Miscegenation Laws and Wedding Cakes

Ross DouthatGod’s older brother, Ross Douthat, was at The New York Times last week to explain why it is that laws against same sex marriage aren’t the same as miscegenation laws of the past. And the reason is, “This isn’t a structural system of oppression, a society-wide conspiracy like Jim Crow; we’re talking about a handful of shops across the country.” As you may be aware, Douthat has given up the culture war and just wants to be allowed to sit in his room praying and cursing the godless sinners who will burn in hell. Oh wait! He already has that right. He wants to be able to talk about this stuff in public and still get invited to Ezra Klein’s parties.

But I have to say, I really don’t understand Douthat’s reasoning here. He’s saying that discrimination should be allowed because not that many people would actually discriminate. Since the question is no longer whether same sex couples should be able to marry but rather whether bigot bakers should be able to refuse to put two male figures on the top of a wedding cake, the state has no right to interfere. But let’s suppose that a same sex couple lives in a small town where there is only one baker and she hates her some homos. To this couple, it doesn’t matter that there are thousands of bakers elsewhere who have no problem with same sex marriage.

Let’s think back to the miscegenation laws. It didn’t matter in 1966 that a mixed race couple in Mississippi could marry in New York. In fact, in 1966, mixed racial couples could marry in 33 states. By Douthat’s logic, Loving v Virginia — that case that found miscegenation laws unconstitutional — was not necessary. What’s more, we could get rid of the public accommodations clause in the Civil Rights Act of 1964, since at this point there wouldn’t be that many hotels that would discriminate.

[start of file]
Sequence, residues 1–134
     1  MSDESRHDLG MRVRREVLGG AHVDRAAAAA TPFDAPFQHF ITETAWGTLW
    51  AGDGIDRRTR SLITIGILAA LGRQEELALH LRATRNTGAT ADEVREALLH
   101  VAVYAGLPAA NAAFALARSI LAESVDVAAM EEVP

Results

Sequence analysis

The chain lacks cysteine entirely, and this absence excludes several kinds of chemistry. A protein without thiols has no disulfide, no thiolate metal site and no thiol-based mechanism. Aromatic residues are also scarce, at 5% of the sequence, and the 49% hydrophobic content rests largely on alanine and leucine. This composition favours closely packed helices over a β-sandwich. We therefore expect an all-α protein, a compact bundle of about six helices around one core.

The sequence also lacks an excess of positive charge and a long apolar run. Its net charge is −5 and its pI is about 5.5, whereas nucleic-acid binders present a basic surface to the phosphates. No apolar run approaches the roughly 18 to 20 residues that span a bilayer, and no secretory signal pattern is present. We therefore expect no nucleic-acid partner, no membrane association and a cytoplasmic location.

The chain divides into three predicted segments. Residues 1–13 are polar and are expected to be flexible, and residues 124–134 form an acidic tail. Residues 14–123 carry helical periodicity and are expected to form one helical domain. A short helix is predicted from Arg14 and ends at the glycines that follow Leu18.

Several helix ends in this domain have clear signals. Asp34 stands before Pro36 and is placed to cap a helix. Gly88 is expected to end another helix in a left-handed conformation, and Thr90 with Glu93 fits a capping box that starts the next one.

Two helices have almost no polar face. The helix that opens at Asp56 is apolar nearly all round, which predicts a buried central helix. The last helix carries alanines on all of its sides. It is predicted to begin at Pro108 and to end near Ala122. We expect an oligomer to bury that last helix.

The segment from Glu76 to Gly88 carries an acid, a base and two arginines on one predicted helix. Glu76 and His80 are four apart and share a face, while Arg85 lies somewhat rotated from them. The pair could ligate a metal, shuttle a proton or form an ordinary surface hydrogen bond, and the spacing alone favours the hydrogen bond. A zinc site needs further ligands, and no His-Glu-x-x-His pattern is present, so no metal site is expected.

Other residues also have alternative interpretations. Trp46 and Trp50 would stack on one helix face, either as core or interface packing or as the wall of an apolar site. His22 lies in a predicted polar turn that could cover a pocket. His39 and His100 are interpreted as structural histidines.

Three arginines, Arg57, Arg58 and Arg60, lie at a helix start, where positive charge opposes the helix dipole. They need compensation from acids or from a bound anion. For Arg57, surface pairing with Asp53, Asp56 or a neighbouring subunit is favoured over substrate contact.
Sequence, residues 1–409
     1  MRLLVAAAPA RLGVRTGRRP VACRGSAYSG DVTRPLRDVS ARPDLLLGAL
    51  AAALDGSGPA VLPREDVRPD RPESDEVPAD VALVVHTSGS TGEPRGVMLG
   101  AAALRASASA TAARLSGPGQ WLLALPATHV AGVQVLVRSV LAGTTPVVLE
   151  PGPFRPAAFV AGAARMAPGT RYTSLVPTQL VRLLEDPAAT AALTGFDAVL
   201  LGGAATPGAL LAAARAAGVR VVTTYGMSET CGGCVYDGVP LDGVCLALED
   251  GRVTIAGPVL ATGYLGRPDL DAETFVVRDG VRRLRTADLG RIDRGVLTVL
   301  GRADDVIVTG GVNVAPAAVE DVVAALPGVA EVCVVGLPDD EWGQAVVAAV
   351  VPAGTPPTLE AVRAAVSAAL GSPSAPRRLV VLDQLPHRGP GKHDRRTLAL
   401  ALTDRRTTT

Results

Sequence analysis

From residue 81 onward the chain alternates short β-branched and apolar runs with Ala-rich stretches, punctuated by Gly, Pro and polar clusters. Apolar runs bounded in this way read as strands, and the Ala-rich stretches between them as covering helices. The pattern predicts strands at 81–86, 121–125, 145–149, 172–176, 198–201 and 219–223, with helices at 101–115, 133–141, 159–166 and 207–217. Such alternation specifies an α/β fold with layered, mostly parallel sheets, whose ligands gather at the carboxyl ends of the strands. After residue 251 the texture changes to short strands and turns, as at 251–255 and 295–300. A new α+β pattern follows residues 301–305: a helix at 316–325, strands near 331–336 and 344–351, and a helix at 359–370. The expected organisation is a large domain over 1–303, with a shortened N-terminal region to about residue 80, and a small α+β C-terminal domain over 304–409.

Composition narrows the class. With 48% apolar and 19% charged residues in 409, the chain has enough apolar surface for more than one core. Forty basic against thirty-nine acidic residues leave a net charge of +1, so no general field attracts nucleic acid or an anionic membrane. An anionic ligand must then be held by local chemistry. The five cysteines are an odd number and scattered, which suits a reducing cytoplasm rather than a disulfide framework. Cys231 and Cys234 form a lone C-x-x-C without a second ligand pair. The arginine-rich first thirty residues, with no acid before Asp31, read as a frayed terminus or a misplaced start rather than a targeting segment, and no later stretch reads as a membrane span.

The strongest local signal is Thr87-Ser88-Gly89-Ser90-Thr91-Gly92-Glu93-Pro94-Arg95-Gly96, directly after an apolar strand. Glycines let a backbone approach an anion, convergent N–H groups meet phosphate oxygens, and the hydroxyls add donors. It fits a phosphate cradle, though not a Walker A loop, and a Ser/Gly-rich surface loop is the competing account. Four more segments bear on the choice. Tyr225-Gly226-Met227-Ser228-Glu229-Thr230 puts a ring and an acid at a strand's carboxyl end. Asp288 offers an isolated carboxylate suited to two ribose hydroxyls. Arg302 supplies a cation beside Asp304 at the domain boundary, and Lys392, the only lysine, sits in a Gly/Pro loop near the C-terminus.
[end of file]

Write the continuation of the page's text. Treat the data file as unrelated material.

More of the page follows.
But is this all just about a “handful of shops across the country”? Is it really true that this isn’t part of a “society-wide conspiracy like Jim Crow”? Well, it is certainly the case that the states that are now doing everything they can to oppress the LGBT community are the same ones that were enforcing miscegenation laws. Check out the interactive map of miscegenation laws. Through 1964, Indiana still enforced these laws. And the entire south enforced them until Loving in 1967. What’s more, members of the LGBT community are murdered at an alarming rate. In 2011, 30 were murdered. Being gay is not just a matter of being refused wedding cakes.

Jim Naureckas at FAIR provided a good overview of LGBT oppression in this country, A Non-Conspiracy of Douthat’s. To Douthat’s contention that there is not a “structural system of oppression,” he responded:

In 29 states, it is legal to fire, refuse to promote or harass someone on the job because of their sexual orientation. The same states allow landlords to refuse to rent to gay or lesbian tenants.

Fourteen states still have amendments in effect in their constitutions that deny their citizens the basic civil right of marriage on the basis of orientation.